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IT'S NOT OK Campaign Update: July - September 2015
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IT'S NOT OK Campaign Update: July - September 2015
Mouths Wide Shut
Cambodia's developing Justice System
Sinet (not her real name) had kept her mouth shut in court. Her abuser had threatened her beforehand. The judge, seeing her trepidation, threatened that he will put her grandmother — her primary caretaker — in jail if she didn’t talk. All the other judges in the room were male. Scarred and petrified, Sinet withdrew. She was only seven.
 
This is only one of many situations where victims of child abuse and rape have helplessly retreated from pursuing criminal cases against their perpetrators. Often very young and traumatised, these girls’ voices are drowned out in fear. Without a support group or organisation to advocate for their rights, along with costly medical examinations and the lengthy pursuit of civil and criminal cases, many perpetrators go scot-free. At the SHE Rescue Home, we have witnessed this type of dilemma amongst the girls under our care. This is an impetus for us to push for cases to continue, advocating on their behalf to see that the perpetrators are brought to JUSTICE.
 
A 2014 study by UNICEF and Hagar International, a non-profit organisation providing care for abused children in Cambodia, took a closer look at what children experience either as victims or witnesses, under the Cambodian criminal justice system. They interviewed 54 children, mostly girls who were raped, along with judicial authorities, the police and NGO staff providing care or shelter.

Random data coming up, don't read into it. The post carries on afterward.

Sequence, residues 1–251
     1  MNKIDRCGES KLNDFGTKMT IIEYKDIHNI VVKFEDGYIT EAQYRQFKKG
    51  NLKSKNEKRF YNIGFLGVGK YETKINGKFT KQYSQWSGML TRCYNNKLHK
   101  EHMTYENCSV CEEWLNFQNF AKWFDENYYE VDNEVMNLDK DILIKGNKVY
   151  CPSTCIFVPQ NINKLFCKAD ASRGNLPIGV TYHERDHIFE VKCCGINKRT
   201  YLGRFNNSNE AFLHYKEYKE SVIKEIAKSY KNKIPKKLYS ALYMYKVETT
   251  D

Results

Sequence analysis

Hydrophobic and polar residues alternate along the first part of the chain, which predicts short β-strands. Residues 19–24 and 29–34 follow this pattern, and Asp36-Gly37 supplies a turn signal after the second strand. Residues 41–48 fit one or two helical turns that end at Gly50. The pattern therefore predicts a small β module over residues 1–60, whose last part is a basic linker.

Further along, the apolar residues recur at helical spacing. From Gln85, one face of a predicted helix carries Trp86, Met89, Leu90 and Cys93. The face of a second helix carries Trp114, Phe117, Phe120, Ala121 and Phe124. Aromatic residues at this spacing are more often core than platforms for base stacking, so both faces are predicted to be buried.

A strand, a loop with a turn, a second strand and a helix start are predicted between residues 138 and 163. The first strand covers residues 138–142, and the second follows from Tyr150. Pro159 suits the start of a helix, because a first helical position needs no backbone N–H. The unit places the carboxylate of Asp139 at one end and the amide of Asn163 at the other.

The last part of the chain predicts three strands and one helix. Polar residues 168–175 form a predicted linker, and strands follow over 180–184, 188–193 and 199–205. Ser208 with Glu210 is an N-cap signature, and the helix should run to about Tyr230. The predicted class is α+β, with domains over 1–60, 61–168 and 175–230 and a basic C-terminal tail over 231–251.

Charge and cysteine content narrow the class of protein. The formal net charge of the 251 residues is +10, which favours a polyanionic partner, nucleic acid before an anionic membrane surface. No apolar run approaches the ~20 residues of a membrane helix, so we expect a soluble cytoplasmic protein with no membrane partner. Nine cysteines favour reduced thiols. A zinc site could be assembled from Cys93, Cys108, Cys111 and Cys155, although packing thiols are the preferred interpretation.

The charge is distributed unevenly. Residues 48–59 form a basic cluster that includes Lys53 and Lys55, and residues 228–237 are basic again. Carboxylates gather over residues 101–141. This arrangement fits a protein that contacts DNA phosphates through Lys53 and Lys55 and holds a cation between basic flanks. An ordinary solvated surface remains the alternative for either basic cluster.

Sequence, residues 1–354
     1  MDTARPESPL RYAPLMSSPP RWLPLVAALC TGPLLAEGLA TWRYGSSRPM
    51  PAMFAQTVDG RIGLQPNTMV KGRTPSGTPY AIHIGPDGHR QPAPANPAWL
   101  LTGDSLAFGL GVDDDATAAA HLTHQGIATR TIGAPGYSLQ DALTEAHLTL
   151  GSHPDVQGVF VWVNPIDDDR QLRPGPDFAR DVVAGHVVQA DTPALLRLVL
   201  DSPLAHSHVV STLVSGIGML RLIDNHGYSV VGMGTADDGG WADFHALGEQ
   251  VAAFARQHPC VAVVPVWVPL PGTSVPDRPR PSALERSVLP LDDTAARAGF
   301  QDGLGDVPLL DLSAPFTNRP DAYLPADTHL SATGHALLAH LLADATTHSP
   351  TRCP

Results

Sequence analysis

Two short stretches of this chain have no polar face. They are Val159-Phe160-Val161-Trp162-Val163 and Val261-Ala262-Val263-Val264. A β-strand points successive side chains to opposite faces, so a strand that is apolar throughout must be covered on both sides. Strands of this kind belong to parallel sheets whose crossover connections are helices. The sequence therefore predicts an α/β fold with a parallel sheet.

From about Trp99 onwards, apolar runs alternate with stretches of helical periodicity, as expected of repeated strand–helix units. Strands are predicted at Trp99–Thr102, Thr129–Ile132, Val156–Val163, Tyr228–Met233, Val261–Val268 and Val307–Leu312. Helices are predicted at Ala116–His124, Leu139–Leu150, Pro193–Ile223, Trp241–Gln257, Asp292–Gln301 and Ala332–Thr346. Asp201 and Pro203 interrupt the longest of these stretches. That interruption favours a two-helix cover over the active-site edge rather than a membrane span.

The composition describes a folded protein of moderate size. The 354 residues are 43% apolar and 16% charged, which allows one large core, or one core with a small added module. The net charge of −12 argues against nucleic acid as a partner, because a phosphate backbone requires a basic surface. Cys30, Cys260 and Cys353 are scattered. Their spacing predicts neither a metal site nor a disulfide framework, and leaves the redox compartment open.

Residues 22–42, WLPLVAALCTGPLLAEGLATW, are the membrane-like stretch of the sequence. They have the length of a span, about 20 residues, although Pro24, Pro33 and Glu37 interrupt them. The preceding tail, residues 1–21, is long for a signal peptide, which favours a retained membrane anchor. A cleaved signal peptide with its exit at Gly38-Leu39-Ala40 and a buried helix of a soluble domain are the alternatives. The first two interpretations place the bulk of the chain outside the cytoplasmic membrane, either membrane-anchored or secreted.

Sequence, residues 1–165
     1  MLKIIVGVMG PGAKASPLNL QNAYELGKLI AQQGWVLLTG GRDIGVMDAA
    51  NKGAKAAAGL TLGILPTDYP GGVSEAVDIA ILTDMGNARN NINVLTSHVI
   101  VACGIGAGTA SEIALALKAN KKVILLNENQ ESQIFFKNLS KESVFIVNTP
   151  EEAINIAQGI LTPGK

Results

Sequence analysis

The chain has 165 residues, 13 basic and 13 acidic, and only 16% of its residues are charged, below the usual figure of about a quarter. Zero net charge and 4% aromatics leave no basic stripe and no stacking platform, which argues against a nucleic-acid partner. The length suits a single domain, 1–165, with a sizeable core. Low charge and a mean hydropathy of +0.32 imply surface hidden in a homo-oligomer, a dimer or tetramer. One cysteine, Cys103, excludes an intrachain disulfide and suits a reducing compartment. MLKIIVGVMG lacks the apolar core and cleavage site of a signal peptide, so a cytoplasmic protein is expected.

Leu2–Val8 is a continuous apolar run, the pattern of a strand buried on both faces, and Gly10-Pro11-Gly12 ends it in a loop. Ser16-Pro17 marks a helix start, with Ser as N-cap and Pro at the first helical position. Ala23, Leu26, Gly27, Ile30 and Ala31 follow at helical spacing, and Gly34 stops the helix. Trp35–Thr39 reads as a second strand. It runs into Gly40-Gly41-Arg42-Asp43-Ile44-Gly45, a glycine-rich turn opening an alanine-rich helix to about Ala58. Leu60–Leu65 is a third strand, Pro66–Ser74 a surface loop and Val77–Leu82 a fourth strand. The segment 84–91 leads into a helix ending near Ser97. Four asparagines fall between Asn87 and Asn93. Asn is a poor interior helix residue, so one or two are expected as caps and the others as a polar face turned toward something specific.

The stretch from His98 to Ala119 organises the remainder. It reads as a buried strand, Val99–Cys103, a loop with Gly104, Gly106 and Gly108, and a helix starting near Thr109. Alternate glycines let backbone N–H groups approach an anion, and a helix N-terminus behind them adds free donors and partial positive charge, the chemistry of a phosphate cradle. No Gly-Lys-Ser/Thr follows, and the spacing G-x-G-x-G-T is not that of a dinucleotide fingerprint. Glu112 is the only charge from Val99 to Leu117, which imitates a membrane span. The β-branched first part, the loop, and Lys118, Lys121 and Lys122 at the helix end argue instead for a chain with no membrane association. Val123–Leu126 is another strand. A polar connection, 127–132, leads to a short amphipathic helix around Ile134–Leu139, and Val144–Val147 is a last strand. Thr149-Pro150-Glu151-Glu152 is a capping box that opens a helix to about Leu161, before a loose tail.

The study showed that while the judicial system has markedly improved, implementing a “child-friendly” justice system remains wanting. For instance, recounting victims’ stories repeatedly to different parties in the system — the police, medical examiner, lawyers and judges who are often male — was highly disconcerting and detrimental to victims’ recovery. At least six victims in the study claimed that the perpetrator was at the police station at the same time. A significant number of cases occurred where the police did not read the child’s statement of rights.
 
Despite that the majority of respondents were rape victims, only 10% of those interviewed were attended to by female medical examiners. At SHE Rescue Home, we learned that our girls often did not have the choice of gender of the doctor. Medical exams need to be done at a government hospital for evidence to be admissible in court. Public hospitals are open only on weekdays and closed in the afternoons. Delaying the exam means losing crucial DNA and medical evidence that is often collected too late or not at all. Without this evidence, there is extreme pressure on the girl’s testimony as it becomes the key evidence in the case.